Wednesday, June 1, 2016

Rediscovering Soave with Stefano Inama

Soave was once the most popular Italian white wine for American consumers. In the 1970s, Americans bought more Soave than they did Chianti. But, fueled by cheap bulk wines made from the less heralded vineyards in the region's fertile plain, Soave developed a bad reputation. When I first started studying Italian wines about a decade ago, I heard only negative things about Soave. It's thin, it's insipid, it's for old winos.

Then I started tasting some wines from Soave Classico (the respected heart of the region). I was impressed. These were dynamic, exciting and unique white wines.

One of those wines was an Inama Soave Classico. I recently met with winemaker Stefano Inama while he was visiting Washington, DC, and spent a wonderful evening sipping his wines and picking his brain about this historic region.

Inama vineyards in Soave Classico. Credit: Giò Martorana/Inama
Inama is premium Soave Classico. If this region is primed for rediscovery by a new generation of wine drinkers, Inama's wines are the perfect gateway drug.

Soave is made from the ancient Garganega grape, a relatively rare variety that pops up in only a few other areas of Italy. It imparts a vibrant sense of acidity, a mineral cleanliness and abundant floral characteristics. Its spiritual and historic home is Soave Classico, a zone that is full of volcanic basalt soil, the only example of its kind in Northern Italy. (Wines labeled simply Soave come from alluvial plains and are generally produced by cooperatives for the mass market.) The Romans knew the area that is now Soave Classico was good wine-growing soil, and wine has been made in this area for about 2,000 years.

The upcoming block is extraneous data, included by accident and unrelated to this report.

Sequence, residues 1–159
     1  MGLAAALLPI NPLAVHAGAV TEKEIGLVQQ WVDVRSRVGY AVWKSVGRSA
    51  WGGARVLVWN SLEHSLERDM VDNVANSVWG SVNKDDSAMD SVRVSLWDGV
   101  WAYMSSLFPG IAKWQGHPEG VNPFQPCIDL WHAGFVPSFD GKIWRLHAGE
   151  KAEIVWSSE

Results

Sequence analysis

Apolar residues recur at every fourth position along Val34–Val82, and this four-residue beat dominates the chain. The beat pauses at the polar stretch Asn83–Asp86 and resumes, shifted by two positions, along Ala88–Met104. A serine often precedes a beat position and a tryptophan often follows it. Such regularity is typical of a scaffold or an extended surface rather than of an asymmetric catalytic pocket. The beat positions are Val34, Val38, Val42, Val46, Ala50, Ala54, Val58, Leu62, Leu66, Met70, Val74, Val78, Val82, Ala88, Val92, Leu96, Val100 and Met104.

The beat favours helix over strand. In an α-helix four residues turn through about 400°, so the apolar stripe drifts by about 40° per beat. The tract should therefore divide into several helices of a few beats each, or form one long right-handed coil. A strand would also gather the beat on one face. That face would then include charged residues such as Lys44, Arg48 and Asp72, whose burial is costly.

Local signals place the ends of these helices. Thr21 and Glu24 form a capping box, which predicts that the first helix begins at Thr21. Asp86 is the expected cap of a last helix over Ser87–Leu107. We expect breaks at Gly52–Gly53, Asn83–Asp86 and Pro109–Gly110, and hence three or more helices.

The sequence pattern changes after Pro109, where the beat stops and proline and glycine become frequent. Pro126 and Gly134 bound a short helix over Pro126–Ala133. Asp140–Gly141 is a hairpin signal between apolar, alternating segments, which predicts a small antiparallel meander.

Imagining what the Romans were looking for when they first planted vines in these soils, Stefano said, "We want a mineral wine to cleanse the palate, then some perfume." His wines have both of these elements, and then some.

Stefano Inama's father bought his first piece of land in Soave Classico in 1965. His wines found a permanent home at a new winery, which was completed in the early 1980s.

Stefano, who joined his father's winery in 1991, has expanded the company's portfolio significantly.
They make an entry-level Soave Classico and two single-vineyard wines. The Soave Classico "Foscarino" is selected from the best lots and oldest vines and fermented in older barrels. This wine has bold texture but it is incredibly bright and packed with mineral complexity.  The Soave Classico "Vigneto du Lot" is the opposite side of the spectrum, made in a more modern style. Stefano told me he wanted to make a Soave that he could pair with smoked salmon And, after tasting the Vigneto du Lot, I think that pairing would be fantastic. The grapes come from a single vineyard  known for its concentration, and the wine is fermented in new barrels with lees stirring. When the wine debuted in the mid-1990s, Stefano used 100% new oak. But as the 90s cult of new oak began to wane, Stefano dialed it back, and these days he uses about 30% new barrels. The Vigneto du Lot is a rich wine but the precision and freshness is impressive.

While Soave Classico is Inama's history (and bread and butter), Stefano is also something of an experimentalist. In 1991, the winery began bottling a Sauvignon Blanc, and they also bottle a varietal Chardonnay.

Inama's Colli Berici vineyard. Credit: Giò Martorana/Inama
Stefano is also a pioneer and lover of the Carmenere grape. Perhaps best known for its part in Chilean varietal and blended wines, this grape actually hails from Bordeaux. Carmenere had been growing in the region for at least 100 years (it was probably brought back by Italian workers returning from France). But for decades, nobody knew Carmenere was Carmenere — the vines were inter-planted with other varieties and likely mistaken for Cabernet Franc. In the 1990s, though, the Inamas chose an area of the Berici Hills with the goal of planting Carmenere and taking this grape variety seriously.